6 papers published
6 papers submitted
~14 works-in-progress
3 active grants
2 big plus 2 small proposals submitted
1 renewal
1 one-year-terminal renewal
2 rejection

Synchrotron Experiments
APS time—carbonate silicate experiments
APS time—Anke’s experiments

Travel/conferences/talks
COMPRES (2014 Columbia River Gorge)
Goldschmidt Conference (2014 Sacramento) (AK:2 talks Group: 2 talks)
CalTech Planetary seminar June 2014
DOE Geochemistry symposium (AK: talk)
LDEO seminar April 2014
ELSI  Tokyo Tech visit April 2014 (& talk)
Electrochemistry Gordon Conference (Jan 2014 Ventura)
AGU conference  (2013 San Francisco) (5 group abstracts)
GSA meeting (2013 Denver)
AGU committee meeting (Oct 2013)
U. South Carolina (Sept 2014)
AMNH seminar (Sept 2013)
CDAC review, Chicago (Sept 2013)

Group successes
Postdoc: got job offer and moved  to new job.
Grad student 1: submitted 2nd paper, new experiments, passed quals
Grad student 2: advanced to candidacy, 1 paper published, 2nd submitted, 3rd in prep

Teaching highlights
Taught ESS 119 undergraduate plate tectonics (3nd time)

Service highlights
COMPRES-chair of infrastructure committee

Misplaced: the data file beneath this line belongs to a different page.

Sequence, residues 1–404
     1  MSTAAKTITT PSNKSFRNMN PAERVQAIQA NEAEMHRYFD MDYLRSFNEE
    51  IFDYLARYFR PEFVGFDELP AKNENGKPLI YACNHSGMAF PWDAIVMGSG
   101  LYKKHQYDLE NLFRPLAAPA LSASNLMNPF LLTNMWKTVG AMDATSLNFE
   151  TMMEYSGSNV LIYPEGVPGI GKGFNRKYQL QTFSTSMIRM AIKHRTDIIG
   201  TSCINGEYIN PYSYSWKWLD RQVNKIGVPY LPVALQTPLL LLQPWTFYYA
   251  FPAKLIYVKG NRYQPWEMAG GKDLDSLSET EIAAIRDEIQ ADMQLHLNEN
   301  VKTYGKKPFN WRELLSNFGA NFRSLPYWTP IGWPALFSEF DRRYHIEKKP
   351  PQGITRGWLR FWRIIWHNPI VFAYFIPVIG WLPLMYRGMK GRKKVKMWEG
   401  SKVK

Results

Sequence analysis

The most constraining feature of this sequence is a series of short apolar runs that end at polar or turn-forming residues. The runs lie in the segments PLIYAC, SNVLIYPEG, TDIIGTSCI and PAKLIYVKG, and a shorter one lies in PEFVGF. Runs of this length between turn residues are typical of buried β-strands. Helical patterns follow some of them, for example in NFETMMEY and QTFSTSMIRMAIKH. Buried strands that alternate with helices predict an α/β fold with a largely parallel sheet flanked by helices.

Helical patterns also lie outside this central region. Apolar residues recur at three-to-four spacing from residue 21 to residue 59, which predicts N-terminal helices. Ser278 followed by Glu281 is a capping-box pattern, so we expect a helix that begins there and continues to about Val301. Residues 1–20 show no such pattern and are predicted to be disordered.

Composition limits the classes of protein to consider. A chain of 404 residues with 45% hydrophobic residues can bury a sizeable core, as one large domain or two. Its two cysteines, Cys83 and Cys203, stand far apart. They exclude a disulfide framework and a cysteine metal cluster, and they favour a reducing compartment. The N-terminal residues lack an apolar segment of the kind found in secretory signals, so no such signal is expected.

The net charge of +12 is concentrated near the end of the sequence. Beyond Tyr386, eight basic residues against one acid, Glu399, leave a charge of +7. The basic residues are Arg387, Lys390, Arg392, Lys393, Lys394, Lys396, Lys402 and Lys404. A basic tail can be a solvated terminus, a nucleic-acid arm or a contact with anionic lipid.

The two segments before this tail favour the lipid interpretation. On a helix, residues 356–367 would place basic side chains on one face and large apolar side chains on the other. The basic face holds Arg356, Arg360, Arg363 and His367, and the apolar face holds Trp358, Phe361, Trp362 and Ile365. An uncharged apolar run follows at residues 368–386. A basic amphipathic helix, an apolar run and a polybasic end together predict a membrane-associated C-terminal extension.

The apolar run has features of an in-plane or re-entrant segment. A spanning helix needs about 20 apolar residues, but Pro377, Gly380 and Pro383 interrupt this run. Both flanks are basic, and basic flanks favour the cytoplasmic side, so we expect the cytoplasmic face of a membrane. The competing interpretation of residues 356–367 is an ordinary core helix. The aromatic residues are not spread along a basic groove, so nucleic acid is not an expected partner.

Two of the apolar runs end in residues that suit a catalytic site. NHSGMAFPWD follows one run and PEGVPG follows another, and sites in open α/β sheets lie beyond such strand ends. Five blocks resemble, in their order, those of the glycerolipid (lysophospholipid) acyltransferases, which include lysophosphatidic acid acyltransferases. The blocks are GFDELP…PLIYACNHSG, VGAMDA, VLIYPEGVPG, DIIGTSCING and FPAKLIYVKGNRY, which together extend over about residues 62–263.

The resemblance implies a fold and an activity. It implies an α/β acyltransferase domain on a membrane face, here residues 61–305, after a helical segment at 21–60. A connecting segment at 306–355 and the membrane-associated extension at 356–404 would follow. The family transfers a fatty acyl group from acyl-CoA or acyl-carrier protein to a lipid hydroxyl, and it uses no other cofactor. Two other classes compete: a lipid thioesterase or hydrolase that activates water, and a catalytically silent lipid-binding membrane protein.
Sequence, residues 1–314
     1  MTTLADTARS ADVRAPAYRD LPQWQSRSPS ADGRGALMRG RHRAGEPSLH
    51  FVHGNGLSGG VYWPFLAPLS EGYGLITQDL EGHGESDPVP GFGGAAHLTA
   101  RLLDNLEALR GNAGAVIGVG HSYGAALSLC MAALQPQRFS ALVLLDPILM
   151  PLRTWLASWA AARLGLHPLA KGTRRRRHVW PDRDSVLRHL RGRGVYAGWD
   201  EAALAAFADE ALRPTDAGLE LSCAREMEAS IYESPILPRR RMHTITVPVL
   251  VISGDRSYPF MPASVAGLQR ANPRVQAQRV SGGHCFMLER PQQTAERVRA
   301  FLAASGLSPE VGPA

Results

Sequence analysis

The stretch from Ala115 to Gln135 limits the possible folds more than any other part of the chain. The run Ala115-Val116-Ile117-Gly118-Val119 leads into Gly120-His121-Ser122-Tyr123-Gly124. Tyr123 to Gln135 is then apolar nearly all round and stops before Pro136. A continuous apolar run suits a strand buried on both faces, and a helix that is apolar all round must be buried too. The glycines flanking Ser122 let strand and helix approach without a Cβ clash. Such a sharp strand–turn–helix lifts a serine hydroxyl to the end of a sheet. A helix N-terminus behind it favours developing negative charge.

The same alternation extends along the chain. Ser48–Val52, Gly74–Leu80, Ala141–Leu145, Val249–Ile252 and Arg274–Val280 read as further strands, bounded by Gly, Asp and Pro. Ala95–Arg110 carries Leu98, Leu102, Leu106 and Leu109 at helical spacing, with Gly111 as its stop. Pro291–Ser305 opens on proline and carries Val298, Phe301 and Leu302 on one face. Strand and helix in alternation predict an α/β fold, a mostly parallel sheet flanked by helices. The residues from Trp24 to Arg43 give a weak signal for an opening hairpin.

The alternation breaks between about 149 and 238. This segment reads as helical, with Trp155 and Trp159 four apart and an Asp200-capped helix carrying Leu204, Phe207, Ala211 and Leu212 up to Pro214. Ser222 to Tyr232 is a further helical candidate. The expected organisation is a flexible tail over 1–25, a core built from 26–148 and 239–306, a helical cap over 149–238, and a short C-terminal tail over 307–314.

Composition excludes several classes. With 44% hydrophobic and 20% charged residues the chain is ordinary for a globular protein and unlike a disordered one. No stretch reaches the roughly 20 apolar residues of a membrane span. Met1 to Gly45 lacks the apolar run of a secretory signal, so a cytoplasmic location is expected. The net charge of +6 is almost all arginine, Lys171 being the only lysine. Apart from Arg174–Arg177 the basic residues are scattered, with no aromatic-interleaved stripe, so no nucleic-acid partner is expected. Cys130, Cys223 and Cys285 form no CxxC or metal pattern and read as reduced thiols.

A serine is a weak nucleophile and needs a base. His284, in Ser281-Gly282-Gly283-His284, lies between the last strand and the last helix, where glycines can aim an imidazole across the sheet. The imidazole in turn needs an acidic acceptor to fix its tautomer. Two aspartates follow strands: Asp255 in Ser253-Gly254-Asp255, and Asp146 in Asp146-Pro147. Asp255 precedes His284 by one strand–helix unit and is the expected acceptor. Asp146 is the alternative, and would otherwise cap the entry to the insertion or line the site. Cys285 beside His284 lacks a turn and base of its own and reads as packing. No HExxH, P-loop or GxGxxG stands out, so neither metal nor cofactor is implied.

AGU Governance committee
Editorial for pcm—shepherded a batch of new papers
Reviews: many
NSF panel
Departmental service

Outreach
Blog, twitter
@realscientists curator

All Travel
COMPRES meeting Wisconsin June
NYC-POK-VT (8 different beds for 8 different nights…)
Summer sublet in NYC!
July synchrotron trip--APS
NYC-ADKs-VT-POK-NYC-LAX August
Sept: Chicago CDAC review
AMNH seminar
U. South Carolina Seminar
Washington DC AGU committee meeting
October GSA meeting Denver
November Daddy-daughter Grand canyon/Flagstaff/Phoenix
December San Francisco
December Texas Christmas
January Family Puerto Rico
April My Japan/ Family Japan
April NSF DC
April LDEO visit
May DOE geochem DC
June Goldschmidt Sacramento
June COMPRES
June: east coast/drop kid at camp

Saturday, June 7, 2014

My Visit to ELSI

Soon I will report how I spent my sabbatical time this past academic year.  But for now, here is a link to the blog hosted by Tokyo Tech's ELSI, where I spent some time earlier this spring.